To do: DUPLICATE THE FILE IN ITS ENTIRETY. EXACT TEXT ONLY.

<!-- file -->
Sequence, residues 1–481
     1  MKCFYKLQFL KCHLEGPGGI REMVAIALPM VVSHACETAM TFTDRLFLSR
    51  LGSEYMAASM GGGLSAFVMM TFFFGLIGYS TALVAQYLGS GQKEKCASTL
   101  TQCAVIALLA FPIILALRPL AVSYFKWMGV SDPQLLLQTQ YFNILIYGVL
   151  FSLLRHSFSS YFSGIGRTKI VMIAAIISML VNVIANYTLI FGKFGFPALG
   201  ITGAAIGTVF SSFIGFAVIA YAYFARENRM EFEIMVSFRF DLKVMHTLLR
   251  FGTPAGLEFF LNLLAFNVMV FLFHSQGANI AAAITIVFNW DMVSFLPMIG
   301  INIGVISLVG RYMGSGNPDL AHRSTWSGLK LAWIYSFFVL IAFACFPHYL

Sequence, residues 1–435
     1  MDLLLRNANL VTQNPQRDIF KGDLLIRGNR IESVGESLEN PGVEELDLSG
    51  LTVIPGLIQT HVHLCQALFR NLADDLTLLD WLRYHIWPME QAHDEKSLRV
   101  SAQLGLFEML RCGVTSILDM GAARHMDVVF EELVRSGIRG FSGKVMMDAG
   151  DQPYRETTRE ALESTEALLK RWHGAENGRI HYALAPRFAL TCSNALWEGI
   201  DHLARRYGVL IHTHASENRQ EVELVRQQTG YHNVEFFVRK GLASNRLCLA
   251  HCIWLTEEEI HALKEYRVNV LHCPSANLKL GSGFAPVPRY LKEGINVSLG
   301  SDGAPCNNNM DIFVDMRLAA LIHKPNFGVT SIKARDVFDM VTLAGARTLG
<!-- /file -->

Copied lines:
Sequence, residues 1–481
     1  MKCFYKLQFL KCHLEGPGGI REMVAIALPM VVSHACETAM TFTDRLFLSR
    51  LGSEYMAASM GGGLSAFVMM TFFFGLIGYS TALVAQYLGS GQKEKCASTL
   101  TQCAVIALLA FPIILALRPL AVSYFKWMGV SDPQLLLQTQ YFNILIYGVL
   151  FSLLRHSFSS YFSGIGRTKI VMIAAIISML VNVIANYTLI FGKFGFPALG
   201  ITGAAIGTVF SSFIGFAVIA YAYFARENRM EFEIMVSFRF DLKVMHTLLR
   251  FGTPAGLEFF LNLLAFNVMV FLFHSQGANI AAAITIVFNW DMVSFLPMIG
   301  INIGVISLVG RYMGSGNPDL AHRSTWSGLK LAWIYSFFVL IAFACFPHYL

Sequence, residues 1–435
     1  MDLLLRNANL VTQNPQRDIF KGDLLIRGNR IESVGESLEN PGVEELDLSG
    51  LTVIPGLIQT HVHLCQALFR NLADDLTLLD WLRYHIWPME QAHDEKSLRV
   101  SAQLGLFEML RCGVTSILDM GAARHMDVVF EELVRSGIRG FSGKVMMDAG
   151  DQPYRETTRE ALESTEALLK RWHGAENGRI HYALAPRFAL TCSNALWEGI
   201  DHLARRYGVL IHTHASENRQ EVELVRQQTG YHNVEFFVRK GLASNRLCLA
   251  HCIWLTEEEI HALKEYRVNV LHCPSANLKL GSGFAPVPRY LKEGINVSLG
   301  SDGAPCNNNM DIFVDMRLAA LIHKPNFGVT SIKARDVFDM VTLAGARTLG